Fundamentally, the F40’s 2.9-litre V8 is a tough engine whose internals appear to be very robust. There should be no oil leaks; check the cam covers and turbo pipes especially. If you do suffer a problem in the engine department, it’s most likely to be an electrical one. The F40 was one of very few cars to use Weber-Marelli engine management, and tracking down a good specialist with experience in this can be a challenge. As the engine is eminently tuneable, many cars have received some sort of upgrade over the years, notably to the turbos and fuel injection, but these days it’s considered wise to return the car to its original spec. The turbos do get very hot but they are fairly simple to overhaul if you do encounter a problem, normally revealed by a lot of smoke and/or noise. Note that post-1991 cars have catalytic converters fitted. Expect a new exhaust system to cost from around £3000 fitted.

The F40 has rubber fuel cells (except for US cars, which have aluminium tanks). These rubber tanks need to be replaced every 10 years at an eye-watering cost of £12,000 a time. The factory fuel pump is prone to cracking and leaking fuel, so is often replaced with a more robust one. Not using the car for long periods is common, which can result in leaking seals, clogged injector nozzles and cooling system corrosion. The differential is mounted on the back of the engine in unit with the five-speed all-synchromesh gearbox (a non-synchro sports ’box was offered as an option). The gear change can be rather notchy when cold, but the transmission seems to be very robust in service. Clutch life varies greatly depending on use, but is unlikely to exceed 20,000 miles. You might experience loss of pressure in the clutch due to a chemical reaction in the fluid, so consider switching to a non-reacting fluid. A replacement clutch is around £4000 fitted.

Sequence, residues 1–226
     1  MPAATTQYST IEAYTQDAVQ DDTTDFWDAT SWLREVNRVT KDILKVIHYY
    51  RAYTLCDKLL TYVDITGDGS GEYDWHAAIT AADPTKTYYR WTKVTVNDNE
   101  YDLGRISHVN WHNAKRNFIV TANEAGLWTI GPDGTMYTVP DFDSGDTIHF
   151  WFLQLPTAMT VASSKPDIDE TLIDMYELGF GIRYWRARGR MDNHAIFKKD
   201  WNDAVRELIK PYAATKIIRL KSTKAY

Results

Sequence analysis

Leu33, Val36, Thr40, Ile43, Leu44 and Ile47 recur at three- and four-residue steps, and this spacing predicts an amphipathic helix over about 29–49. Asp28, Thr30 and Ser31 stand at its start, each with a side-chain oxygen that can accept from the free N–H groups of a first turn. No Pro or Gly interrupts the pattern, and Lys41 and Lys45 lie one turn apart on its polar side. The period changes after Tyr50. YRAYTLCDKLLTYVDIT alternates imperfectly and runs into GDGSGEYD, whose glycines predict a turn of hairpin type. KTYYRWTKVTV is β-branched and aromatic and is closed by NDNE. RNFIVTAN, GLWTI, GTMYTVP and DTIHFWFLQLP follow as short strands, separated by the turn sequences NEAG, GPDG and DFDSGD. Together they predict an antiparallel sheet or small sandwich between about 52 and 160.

Post-1991 cars came with the option of electronically adjustable suspension, which offers better ground clearance over speed bumps, but generally speaking, non-adjustable cars are favoured these days.

Rebuilding each damper costs around £300. The split-rim five-spoke Speedline single-nut alloy wheels have a tendency to weep air from the tyres, which can be a hard problem to fix. The fixing bolts can also corrode. The Pirelli P Zero tyres cost around £500 each for the super-wide rear ones. The weak standard brakes are often uprated by owners (Brembo upgrades can be used with the standard 17-inch wheels). New brake pads cost around £600 per pair, while new Brembo front discs are more like £1000 a pair.